“Universal pharmacare” has long been a goal of some Canadians. Programs generally matching that description have been discussed for literally generations. In 2012, Steven G. Morgan and Jamie R. Daw wrote an article for Healthcare Policy in which they examined the history of pharmacare proposals in Canada. They found that one had been made as far back as the 1940s. Even as other developed countries — our liberal-democratic peers — embraced some form of universal pharmacare, Canada abstained.
This has created a gap in what is otherwise a fairly comprehensive, if flawed, system of universal health care: a doctor in a clinic or hospital will examine an insured patient at no upfront cost, provide necessary routine or life-saving medical care free of charge, keep the patient in a primary-care bed for as long as their condition requires, and then discharge them into a long-term-care ward or rehab hospital for treatment with no money down. Ontarians expect this; arguably, they take it for granted.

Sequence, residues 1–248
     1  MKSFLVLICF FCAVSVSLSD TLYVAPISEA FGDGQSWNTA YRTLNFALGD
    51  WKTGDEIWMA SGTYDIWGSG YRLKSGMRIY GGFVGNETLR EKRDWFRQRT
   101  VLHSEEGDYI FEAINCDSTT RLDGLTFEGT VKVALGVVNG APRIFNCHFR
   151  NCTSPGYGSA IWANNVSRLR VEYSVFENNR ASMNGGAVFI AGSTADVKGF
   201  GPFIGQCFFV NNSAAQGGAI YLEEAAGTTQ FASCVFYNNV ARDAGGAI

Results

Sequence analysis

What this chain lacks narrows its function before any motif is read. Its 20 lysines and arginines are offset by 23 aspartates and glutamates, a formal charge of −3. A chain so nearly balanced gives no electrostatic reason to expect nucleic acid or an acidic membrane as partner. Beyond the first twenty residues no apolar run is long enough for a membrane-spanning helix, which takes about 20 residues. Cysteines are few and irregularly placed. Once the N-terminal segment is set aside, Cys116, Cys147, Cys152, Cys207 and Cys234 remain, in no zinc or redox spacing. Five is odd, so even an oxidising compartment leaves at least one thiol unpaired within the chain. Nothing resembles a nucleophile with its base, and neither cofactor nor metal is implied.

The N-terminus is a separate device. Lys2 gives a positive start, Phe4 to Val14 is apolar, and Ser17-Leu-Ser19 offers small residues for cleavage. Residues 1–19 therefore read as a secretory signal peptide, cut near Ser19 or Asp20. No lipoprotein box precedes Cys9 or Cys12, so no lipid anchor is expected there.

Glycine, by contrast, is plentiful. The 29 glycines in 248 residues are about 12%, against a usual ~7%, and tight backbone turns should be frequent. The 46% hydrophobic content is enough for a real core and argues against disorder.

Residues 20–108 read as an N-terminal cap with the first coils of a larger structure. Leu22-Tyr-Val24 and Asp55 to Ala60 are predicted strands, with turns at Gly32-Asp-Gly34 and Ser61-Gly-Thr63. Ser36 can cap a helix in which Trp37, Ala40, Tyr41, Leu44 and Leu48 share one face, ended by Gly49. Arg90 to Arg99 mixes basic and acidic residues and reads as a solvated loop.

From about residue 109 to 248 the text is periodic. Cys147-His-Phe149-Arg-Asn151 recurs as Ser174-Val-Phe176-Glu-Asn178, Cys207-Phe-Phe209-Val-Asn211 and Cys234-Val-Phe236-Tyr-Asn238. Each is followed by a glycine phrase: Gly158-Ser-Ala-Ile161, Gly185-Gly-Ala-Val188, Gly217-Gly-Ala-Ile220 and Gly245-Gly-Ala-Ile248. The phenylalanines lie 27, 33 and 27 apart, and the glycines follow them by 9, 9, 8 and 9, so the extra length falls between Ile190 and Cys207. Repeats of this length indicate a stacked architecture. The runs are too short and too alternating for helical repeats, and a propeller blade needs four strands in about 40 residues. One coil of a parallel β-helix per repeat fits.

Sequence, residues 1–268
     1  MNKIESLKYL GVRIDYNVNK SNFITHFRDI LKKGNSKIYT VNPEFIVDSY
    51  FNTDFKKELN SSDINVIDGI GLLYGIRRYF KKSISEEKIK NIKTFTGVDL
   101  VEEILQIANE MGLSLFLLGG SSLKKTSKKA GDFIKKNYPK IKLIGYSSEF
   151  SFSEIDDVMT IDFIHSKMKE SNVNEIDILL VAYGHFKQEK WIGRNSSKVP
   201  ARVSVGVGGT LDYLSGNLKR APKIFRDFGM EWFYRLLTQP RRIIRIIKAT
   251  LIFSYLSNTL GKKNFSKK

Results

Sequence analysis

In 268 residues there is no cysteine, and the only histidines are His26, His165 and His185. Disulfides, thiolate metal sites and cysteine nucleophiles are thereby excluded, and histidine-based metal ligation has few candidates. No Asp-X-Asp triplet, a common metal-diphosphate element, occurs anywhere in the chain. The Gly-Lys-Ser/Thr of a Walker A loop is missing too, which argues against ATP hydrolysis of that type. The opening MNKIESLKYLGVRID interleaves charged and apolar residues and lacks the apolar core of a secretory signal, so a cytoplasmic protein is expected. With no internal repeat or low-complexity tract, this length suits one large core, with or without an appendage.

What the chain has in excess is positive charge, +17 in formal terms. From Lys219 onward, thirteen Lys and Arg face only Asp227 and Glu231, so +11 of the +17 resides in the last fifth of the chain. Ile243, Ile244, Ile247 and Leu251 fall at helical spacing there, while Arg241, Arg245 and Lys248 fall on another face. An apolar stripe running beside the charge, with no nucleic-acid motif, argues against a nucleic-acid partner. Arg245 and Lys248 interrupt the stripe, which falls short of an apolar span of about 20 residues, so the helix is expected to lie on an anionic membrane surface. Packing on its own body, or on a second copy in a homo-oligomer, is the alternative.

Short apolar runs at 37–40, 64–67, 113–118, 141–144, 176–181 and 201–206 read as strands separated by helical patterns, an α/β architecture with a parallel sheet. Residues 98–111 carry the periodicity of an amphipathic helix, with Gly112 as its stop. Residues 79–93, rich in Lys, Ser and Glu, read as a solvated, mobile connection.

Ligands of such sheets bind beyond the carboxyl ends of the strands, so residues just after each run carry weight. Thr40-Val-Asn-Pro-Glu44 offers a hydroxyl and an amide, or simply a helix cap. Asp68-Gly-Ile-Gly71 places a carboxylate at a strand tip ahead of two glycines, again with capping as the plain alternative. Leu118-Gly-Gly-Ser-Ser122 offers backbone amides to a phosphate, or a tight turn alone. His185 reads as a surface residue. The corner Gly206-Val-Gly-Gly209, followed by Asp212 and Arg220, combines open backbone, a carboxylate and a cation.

It’s not free health care, as such — far from it. Health care accounts for a massive and growing share of provincial spending. Still, access to care in Ontario doesn’t hinge on a patient’s wealth or chequing balance. It’s covered. But when a patient walks into their pharmacy to pick up the medications that the doctor who saved their life has prescribed, they’d better be able to pay up.